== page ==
I have talked about some of the major stakeholders in mHealth adoption, what technology companies need to consider when developing and marketing to them, why mhealth will be important to the various stakeholders, and why the stakeholders are, in turn, important for adoption. Physicians (http://davidleescher.com/2011/10/10/five-reasons-why-physicians-will-love-mhealth/), non-physician providers (http://davidleescher.com/2011/10/11/why-non-physician-providers-will-love-mhealth/), ACOs (http://davidleescher.com/2011/09/17/why-mhealth-will-be-critical-for-the-success-of-acos/), hospitals (http://davidleescher.com/2011/11/10/five-reasons-hospitals-need-mhealth/), and caregivers (http://davidleescher.com/2011/10/24/caregiver-the-key-to-mhealth/).
For a few reasons insurers will be a big part of mHealth technology adoption for the management of chronic diseases.
1. Payers hold the purse strings. Insurers will be the ones paying for the use of mHealth for chronic disease management for the vast majority of patients. They have a vested interest in keeping the costs of medical care down, especially in the segment of patients most responsible for overall health care costs. Twenty percent of patients account for 80% of health care dollars spent. If payers, including Medicare reimburse for the use of mHealth, providers will adopt very rapidly these tools which will bring efficiency, better patient adherence, and management of patients via trend observation analysis and actionable alerts instead of medical disaster relief. The payer is the one who realizes the economic advantages of mHealth most.
2. Payers can change physician behavior. As a practicing cardiologist, I observed firsthand how reimbursement policies by insurers change physician prescribing and care behavior. I am old enough to have lived through the conversion to all generic medications. This was hard for me as a cardiac electrophysiologist whose patients’ antiarrhythmic medication drug levels I used to monitor. Changing to generic drugs was a losing battle because of a combination of red tape one had to go through, the cost differential passed on to patients, and the eventual disappearance of the brand named drugs themselves. It was a lesson, however, in payer-physician dynamics. It has been relived recently with insurers dictating which type of stress tests a physician may order for patients, even though some types of cheaper stress tests are not appropriate for all patients. But the string of phone calls and energy expended to argue a case as an advocate for a patient is very difficult and most physicians are giving up. As much as what has been perceived by physicians as negative behavior changes, I believe that the encouragement of mHealth tools will be welcomed.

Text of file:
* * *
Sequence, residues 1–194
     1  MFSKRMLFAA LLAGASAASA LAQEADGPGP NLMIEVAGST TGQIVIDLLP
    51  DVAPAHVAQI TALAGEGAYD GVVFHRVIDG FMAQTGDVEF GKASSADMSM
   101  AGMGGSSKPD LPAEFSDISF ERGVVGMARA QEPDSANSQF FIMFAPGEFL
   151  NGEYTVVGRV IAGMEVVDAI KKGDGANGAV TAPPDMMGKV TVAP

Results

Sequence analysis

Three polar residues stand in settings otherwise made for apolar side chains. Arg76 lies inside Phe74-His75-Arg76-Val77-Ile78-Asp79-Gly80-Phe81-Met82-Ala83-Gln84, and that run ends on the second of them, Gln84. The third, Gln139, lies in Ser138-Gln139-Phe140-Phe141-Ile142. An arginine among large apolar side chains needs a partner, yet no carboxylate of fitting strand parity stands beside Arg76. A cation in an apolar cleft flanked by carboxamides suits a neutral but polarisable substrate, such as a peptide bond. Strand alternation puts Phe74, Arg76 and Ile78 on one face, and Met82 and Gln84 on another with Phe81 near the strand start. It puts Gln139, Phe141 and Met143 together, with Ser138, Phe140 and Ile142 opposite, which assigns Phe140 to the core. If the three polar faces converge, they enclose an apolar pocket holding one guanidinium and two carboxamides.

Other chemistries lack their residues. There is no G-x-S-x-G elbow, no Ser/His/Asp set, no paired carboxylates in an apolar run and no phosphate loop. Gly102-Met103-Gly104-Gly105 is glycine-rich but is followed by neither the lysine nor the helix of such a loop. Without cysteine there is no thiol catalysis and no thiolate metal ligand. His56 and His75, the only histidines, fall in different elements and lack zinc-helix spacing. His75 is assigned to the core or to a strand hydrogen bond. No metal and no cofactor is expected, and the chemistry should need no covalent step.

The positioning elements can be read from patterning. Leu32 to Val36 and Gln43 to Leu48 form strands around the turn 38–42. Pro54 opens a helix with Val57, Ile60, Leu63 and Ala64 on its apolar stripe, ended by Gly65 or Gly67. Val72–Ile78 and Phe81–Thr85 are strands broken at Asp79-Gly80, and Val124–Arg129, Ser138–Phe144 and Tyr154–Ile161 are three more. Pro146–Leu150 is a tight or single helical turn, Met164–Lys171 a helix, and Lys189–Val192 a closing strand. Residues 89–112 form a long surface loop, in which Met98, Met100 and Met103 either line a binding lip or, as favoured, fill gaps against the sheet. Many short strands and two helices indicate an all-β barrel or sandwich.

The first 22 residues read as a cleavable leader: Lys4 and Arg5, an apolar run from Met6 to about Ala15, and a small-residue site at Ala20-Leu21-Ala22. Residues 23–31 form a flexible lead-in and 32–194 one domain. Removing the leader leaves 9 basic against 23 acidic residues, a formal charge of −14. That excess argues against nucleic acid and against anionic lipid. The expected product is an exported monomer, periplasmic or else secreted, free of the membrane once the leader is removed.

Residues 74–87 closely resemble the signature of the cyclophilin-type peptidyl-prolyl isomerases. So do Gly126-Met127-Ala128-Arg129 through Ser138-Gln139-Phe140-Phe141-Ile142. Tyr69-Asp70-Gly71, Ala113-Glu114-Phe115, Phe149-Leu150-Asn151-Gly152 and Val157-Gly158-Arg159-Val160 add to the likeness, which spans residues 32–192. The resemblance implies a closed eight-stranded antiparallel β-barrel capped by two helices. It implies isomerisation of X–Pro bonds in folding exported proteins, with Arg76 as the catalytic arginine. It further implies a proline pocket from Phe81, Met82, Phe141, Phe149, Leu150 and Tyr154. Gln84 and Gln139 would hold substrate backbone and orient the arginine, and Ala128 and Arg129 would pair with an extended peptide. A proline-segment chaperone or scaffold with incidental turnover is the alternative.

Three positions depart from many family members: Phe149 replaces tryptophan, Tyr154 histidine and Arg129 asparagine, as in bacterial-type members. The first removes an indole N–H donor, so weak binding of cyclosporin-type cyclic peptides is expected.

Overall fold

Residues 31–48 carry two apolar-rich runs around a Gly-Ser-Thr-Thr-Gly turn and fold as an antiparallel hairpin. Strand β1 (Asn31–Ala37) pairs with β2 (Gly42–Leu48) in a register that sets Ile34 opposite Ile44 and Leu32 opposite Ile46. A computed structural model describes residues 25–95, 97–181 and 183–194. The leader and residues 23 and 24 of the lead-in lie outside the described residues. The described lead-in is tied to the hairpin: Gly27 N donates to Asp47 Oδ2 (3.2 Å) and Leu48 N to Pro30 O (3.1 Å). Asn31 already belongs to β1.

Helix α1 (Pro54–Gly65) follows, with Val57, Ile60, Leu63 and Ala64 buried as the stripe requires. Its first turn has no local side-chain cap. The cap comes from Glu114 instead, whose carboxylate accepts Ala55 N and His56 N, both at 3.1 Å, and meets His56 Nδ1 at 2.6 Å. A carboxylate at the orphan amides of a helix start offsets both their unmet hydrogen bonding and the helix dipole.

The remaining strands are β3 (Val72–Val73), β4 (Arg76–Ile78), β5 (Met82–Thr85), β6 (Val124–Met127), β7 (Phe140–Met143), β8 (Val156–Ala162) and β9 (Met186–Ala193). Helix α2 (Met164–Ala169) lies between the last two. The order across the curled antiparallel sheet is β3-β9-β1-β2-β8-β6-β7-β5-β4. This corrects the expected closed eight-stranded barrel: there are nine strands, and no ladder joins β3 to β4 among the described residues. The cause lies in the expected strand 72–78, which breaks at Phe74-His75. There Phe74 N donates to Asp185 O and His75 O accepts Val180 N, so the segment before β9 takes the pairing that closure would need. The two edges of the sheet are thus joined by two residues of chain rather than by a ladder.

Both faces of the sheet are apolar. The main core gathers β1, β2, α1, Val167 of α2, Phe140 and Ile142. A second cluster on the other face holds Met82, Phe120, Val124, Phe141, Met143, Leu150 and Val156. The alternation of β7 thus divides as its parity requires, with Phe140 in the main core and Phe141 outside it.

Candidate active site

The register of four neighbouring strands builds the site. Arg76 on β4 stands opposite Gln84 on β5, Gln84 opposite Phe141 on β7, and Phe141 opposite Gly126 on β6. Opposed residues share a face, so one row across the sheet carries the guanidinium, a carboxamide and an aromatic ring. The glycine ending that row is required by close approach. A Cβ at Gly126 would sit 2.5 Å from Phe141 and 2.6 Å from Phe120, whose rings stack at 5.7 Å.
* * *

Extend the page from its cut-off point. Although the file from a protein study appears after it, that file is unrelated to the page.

3. Payers realize the importance of patient engagement. They know the important role which patients can play in their own health. mHealth tools are founded on patient participation with data emanating from the patient. Pooled unidentified data can be utilized for helping prevent chronic disease and assessing treatments. Patient engagement decreases costs by having data come directly to the payer (see below) as well as potentially improving patient outcome.
4. Payers are the largest users of patient portals. Presently, most patient portals are provided by payers. Patients entering and correcting their own data serve the patient as well as the payer. Patient-derived health data from mHealth tools may be tracked directly by the payer. The data may be utilized to assess patient adherence, treatment effectiveness, and adherence to practice guidelines by the provider. Pooled unidentified data may also be evaluated by the payer or even others, in order to perform population-based research. One of the challenges lies in the lack of connectivity among insurer portals and EHRs.
5. Payers can perform clinical studies. One of the biggest opportunities which insurers can afford is clinical research with relative ease of determining outcomes as well as cost analysis. Implementation of mHealth in ACOs or vertical organizations in which the payer owns the hospital such as Kaiser Permanente, Geisinger, or Highmark is ideal for such evaluation of mHealth technologies.
Payers occupy the middle of the health care space. Their importance in their potential for changing paradigms in health care by instituting mHealth cannot be understated. I believe it could be the fastest path towards adoption of this needed technology. The political influence of the industry which can affect necessary legislative and regulatory changes to accommodate mHealth needs to be considered in this argument as well.
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